EMERGENCY POWERS IN ASIA, Victor V. Ramraj & Arun K. Thiruvengadam, eds., Cambridge: Cambridge University Press, Forthcoming
This paper examines the use of the rule of law at the international level as a tool - and its application to those who wield it - with a particular emphasis on UN operations in Asia, notably Timor-Leste (East Timor) and Afghanistan. Section one examines the ways in which the rule of law has been used to stabilize conflict zones, focusing on the activities of the UN Security Council from the mid-1990s onwards and in particular on Timor-Leste. Section two considers the extent to which the rule of law has constrained the decisions and actions of the Council, focusing on accountability issues and the apparent compromise of these principles in Afghanistan. A concluding section will consider what light (if any) these operations shed on larger questions raised by the book, such as whether there are discernibly 'Western' or 'Asian' approaches to the role law plays in times of crisis. Of particular interest is the extent to which the United Nations can be said to reflect Western values, as is frequently alleged. A tentative conclusion is that there may be some rhetorical merit to this claim: Western states do largely set the agenda for the human rights framework that is commonly used to judge state actions. Nevertheless, the United Nations and the international system wield executive authority so infrequently and inconstantly that broad conclusions are not yet possible. More interesting, for the purposes of this book, is the manner in which internationally-administered 'emergency' powers demonstrate the willingness of even established democracies to invoke the rule of law instrumentally, as a tool to provide stability - and thus implicitly to compromise rule of law principles in the name of security.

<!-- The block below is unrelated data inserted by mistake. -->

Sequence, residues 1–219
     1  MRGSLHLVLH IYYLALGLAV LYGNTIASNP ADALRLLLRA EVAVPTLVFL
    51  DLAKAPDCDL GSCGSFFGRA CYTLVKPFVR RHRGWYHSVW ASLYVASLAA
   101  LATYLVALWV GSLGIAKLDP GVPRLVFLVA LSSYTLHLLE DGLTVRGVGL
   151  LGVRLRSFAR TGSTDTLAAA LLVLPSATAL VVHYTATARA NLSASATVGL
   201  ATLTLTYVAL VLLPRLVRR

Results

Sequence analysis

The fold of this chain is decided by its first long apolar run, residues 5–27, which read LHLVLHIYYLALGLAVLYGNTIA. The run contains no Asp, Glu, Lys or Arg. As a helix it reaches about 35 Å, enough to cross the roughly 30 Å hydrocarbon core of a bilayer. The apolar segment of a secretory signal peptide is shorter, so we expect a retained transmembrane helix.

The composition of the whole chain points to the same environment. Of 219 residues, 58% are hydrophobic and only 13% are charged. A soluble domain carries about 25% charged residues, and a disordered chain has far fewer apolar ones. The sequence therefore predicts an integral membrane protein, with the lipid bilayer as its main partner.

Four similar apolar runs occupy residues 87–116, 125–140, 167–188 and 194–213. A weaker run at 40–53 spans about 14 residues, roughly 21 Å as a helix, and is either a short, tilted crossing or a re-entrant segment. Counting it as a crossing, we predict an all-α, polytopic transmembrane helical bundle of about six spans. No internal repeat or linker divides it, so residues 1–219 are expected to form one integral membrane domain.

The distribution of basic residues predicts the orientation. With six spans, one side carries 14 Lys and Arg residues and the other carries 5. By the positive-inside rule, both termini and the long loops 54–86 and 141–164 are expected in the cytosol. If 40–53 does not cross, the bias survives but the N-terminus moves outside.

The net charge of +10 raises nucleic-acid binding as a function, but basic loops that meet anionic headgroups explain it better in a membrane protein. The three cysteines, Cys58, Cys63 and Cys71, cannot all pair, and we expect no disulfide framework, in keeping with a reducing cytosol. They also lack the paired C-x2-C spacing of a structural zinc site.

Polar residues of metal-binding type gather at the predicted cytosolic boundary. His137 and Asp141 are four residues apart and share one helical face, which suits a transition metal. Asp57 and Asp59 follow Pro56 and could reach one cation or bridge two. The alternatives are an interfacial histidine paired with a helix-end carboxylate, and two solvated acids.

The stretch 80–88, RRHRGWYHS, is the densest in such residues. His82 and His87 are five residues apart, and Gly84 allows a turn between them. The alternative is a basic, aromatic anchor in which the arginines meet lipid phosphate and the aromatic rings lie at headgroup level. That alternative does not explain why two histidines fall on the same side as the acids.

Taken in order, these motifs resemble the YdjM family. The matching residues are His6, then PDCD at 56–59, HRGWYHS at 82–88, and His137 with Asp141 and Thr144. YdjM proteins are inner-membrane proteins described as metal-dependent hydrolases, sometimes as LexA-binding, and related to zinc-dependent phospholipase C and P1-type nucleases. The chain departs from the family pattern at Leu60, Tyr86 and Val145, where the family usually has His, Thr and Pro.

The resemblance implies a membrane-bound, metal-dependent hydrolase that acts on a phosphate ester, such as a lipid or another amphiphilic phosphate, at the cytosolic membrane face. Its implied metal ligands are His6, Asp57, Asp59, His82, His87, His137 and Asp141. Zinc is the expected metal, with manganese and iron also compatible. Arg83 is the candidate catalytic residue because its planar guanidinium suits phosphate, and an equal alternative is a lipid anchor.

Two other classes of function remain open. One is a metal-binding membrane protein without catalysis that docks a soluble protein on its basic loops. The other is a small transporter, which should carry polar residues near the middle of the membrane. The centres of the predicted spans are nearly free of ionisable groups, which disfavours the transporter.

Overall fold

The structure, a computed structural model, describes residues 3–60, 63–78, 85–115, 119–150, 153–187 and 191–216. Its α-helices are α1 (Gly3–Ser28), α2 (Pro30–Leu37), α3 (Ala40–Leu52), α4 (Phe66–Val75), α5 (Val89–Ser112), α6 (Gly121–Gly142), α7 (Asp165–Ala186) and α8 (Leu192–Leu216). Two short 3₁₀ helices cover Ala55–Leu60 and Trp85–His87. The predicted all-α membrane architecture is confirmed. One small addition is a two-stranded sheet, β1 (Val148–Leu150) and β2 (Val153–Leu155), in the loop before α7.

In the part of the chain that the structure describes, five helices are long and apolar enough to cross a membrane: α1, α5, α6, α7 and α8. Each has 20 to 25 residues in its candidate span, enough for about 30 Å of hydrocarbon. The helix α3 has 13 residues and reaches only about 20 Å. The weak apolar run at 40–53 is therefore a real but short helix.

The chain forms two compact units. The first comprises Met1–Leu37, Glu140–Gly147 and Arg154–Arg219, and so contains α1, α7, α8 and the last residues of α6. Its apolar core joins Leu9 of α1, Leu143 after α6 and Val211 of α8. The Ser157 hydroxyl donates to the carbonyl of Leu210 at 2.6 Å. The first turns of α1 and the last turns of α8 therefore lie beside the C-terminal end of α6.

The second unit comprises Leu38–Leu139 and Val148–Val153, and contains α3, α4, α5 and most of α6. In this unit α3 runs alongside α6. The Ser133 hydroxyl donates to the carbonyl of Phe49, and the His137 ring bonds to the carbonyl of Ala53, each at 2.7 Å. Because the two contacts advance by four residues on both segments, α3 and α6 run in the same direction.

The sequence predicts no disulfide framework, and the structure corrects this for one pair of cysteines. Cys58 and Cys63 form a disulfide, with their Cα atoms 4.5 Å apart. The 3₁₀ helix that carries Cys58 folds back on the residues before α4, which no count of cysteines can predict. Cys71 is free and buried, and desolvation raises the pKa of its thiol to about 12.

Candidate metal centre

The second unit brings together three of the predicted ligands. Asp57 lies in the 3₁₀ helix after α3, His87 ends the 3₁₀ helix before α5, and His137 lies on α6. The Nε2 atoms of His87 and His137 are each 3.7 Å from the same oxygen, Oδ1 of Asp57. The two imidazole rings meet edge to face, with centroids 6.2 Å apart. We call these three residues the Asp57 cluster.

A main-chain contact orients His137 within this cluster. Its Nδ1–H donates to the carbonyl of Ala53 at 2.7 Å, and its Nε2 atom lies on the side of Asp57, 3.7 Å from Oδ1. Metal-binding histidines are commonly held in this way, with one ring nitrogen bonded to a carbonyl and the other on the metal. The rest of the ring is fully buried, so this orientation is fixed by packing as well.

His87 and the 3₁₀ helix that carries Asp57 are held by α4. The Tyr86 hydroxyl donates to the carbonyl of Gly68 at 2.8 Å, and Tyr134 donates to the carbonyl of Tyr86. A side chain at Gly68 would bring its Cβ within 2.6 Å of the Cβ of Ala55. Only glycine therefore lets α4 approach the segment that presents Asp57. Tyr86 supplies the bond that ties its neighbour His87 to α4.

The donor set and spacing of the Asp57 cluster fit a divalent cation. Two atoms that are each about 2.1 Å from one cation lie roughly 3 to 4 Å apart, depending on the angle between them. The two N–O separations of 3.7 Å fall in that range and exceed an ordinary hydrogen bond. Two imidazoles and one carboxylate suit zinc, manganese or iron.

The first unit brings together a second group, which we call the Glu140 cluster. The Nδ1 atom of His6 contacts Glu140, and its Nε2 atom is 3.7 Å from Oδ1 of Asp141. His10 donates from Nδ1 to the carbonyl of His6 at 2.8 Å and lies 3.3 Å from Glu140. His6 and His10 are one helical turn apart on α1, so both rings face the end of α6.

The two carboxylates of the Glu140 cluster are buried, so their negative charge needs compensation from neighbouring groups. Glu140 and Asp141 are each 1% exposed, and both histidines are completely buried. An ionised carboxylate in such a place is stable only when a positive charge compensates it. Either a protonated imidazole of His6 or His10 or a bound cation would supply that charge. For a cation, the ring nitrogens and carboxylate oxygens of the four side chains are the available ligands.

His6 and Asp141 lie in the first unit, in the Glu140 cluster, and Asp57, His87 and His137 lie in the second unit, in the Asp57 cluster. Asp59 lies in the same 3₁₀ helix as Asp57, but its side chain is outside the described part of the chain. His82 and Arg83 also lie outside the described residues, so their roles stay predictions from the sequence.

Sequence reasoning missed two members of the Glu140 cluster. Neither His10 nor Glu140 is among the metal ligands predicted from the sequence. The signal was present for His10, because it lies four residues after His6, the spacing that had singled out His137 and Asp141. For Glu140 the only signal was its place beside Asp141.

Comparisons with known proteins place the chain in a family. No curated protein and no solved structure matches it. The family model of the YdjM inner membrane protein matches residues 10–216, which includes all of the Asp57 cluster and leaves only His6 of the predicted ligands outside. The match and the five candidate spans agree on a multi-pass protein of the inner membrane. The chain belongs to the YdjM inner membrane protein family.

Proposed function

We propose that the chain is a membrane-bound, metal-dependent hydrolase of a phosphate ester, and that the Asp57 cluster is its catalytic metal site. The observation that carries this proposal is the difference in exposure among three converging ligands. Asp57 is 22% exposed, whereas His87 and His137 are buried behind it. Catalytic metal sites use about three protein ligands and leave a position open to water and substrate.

Date of Authorship for this Version
Chesterman, Simon, "UNaccountable? The United Nations, Emergency Powers, and the Rule of Law in Asia" (2008). New York University Public Law and Legal Theory Working Papers. 95.